"Palatinate." YourDictionary, n.d. Web. 19 September 2018. <http://www.yourdictionary.com/palatinate>.
Palatinate. (n.d.). Retrieved September 19th, 2018, from http://www.yourdictionary.com/palatinate
The office, powers, or territory of a palatine.
Either of two historical districts and former states of southern Germany. The Lower Palatinate is in southwest Germany between Luxembourg and the Rhine River; the Upper Palatinate is to the east in eastern Bavaria. They were once under the jurisdiction of the counts palatine, who became electors of the Holy Roman Empire in 1356 and were then known as electors palatine.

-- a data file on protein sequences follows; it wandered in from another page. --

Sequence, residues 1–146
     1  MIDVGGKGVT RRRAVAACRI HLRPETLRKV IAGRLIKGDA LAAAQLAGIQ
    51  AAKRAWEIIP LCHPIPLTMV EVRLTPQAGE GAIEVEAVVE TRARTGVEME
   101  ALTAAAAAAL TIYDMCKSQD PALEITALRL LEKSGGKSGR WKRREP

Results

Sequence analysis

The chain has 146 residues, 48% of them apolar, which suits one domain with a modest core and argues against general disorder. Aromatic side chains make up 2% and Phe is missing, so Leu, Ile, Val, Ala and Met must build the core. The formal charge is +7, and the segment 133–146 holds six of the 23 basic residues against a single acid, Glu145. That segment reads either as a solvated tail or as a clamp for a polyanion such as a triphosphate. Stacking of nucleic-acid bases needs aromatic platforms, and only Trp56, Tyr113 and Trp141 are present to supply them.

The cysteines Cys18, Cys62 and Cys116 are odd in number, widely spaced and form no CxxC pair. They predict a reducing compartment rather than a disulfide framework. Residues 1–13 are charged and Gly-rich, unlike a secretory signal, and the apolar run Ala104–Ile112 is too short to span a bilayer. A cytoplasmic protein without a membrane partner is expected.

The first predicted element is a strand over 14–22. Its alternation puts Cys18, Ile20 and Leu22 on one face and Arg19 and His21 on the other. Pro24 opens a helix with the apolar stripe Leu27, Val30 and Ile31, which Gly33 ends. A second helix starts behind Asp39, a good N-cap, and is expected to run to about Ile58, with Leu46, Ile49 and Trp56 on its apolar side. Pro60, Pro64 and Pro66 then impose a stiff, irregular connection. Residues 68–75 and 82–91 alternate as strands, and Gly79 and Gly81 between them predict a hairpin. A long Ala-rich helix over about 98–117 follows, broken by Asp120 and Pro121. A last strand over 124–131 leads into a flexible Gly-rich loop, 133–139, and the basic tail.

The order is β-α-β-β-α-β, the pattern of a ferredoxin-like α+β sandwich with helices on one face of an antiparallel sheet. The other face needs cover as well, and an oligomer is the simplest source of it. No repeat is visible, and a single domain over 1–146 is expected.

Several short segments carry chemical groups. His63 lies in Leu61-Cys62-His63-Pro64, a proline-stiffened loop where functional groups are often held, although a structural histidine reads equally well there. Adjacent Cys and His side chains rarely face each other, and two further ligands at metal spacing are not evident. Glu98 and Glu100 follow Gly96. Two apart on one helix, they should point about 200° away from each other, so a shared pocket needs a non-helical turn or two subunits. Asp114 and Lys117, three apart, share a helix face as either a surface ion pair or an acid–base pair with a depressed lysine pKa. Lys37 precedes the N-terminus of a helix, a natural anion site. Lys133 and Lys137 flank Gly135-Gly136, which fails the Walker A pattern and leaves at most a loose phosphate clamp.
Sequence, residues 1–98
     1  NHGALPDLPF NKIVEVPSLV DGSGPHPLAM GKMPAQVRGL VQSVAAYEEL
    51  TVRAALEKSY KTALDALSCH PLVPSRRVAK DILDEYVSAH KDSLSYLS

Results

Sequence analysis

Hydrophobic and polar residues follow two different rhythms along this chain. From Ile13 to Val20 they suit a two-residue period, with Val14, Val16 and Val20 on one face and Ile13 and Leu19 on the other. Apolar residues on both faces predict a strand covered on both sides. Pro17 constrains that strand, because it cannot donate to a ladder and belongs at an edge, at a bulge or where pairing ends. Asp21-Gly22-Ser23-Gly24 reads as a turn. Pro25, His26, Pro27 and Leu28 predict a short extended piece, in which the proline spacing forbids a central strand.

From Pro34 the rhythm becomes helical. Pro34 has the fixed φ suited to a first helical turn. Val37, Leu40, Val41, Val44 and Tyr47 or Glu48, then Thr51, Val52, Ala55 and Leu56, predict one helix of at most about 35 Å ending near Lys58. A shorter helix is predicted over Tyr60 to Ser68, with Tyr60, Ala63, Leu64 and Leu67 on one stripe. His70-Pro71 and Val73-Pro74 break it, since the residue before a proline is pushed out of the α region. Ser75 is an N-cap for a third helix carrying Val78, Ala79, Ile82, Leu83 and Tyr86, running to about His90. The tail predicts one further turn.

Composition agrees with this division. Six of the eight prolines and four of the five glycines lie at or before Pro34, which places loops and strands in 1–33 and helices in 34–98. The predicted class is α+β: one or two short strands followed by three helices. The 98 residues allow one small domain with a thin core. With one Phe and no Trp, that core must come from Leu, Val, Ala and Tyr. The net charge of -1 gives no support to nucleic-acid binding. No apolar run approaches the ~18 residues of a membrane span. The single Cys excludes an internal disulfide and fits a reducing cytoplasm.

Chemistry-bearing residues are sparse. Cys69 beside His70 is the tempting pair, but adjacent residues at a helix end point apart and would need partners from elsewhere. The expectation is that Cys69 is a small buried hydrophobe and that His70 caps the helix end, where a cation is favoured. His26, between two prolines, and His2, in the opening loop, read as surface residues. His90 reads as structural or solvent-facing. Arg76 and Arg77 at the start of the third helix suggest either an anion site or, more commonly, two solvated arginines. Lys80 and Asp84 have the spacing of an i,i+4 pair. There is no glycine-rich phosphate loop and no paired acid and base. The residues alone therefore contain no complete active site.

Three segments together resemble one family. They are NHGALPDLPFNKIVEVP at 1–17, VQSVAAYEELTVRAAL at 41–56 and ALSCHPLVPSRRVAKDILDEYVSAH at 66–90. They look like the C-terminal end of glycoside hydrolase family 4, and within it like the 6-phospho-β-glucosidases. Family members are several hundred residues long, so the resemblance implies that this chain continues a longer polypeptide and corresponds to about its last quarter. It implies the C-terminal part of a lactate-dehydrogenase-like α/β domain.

By the Treaty of Pavia in 1329, Louis granted the Palatinate to his nephews Rudolph II.
(1228-1294) received upper Bavaria and the Palatinate of the Rhine, and Henry I.
Rupert, who from 1353 to 1390 was sole ruler, gained the electoral dignity for the Palatinate of the Rhine in 1356 by a grant of some lands in upper Bavaria to the emperor Charles IV.
These were reunited under Albert IV., duke of Bavaria-Munich (1447-1508) and the upper Palatinate was added to them in 1628.
(the "Winter King") was driven from his dominions, the electoral privilege was transferred to Bavaria, and in 1648, by the Peace of Westphalia, an eighth electorate was created for the Wittelsbachs of the Palatinate, and was exercised by the senior branch of the family.